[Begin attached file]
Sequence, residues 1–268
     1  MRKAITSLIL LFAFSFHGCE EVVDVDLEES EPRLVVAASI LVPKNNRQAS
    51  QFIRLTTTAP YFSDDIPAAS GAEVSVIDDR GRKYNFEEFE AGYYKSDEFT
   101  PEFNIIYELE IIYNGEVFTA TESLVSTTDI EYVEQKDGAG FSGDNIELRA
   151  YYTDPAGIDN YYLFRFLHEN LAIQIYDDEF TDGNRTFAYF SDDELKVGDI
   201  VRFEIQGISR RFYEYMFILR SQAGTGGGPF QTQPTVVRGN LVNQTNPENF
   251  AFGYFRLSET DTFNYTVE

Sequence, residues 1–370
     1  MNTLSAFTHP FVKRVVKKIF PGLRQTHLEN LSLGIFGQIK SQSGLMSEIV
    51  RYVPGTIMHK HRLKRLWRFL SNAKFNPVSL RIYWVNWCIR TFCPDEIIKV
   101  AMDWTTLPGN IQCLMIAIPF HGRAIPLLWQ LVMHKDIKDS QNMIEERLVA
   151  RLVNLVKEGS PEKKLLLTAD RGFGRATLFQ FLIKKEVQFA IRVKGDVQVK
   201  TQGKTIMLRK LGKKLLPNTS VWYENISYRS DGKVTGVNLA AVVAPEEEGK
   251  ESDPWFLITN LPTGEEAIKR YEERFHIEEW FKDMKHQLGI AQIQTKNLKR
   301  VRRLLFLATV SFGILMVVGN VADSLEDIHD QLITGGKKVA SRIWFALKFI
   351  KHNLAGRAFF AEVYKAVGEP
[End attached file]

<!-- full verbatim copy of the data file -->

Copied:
Sequence, residues 1–268
     1  MRKAITSLIL LFAFSFHGCE EVVDVDLEES EPRLVVAASI LVPKNNRQAS
    51  QFIRLTTTAP YFSDDIPAAS GAEVSVIDDR GRKYNFEEFE AGYYKSDEFT
   101  PEFNIIYELE IIYNGEVFTA TESLVSTTDI EYVEQKDGAG FSGDNIELRA
   151  YYTDPAGIDN YYLFRFLHEN LAIQIYDDEF TDGNRTFAYF SDDELKVGDI
   201  VRFEIQGISR RFYEYMFILR SQAGTGGGPF QTQPTVVRGN LVNQTNPENF
   251  AFGYFRLSET DTFNYTVE

Sequence, residues 1–370
     1  MNTLSAFTHP FVKRVVKKIF PGLRQTHLEN LSLGIFGQIK SQSGLMSEIV
    51  RYVPGTIMHK HRLKRLWRFL SNAKFNPVSL RIYWVNWCIR TFCPDEIIKV
   101  AMDWTTLPGN IQCLMIAIPF HGRAIPLLWQ LVMHKDIKDS QNMIEERLVA
   151  RLVNLVKEGS PEKKLLLTAD RGFGRATLFQ FLIKKEVQFA IRVKGDVQVK
   201  TQGKTIMLRK LGKKLLPNTS VWYENISYRS DGKVTGVNLA AVVAPEEEGK
   251  ESDPWFLITN LPTGEEAIKR YEERFHIEEW FKDMKHQLGI AQIQTKNLKR
   301  VRRLLFLATV SFGILMVVGN VADSLEDIHD QLITGGKKVA SRIWFALKFI
   351  KHNLAGRAFF AEVYKAVGEP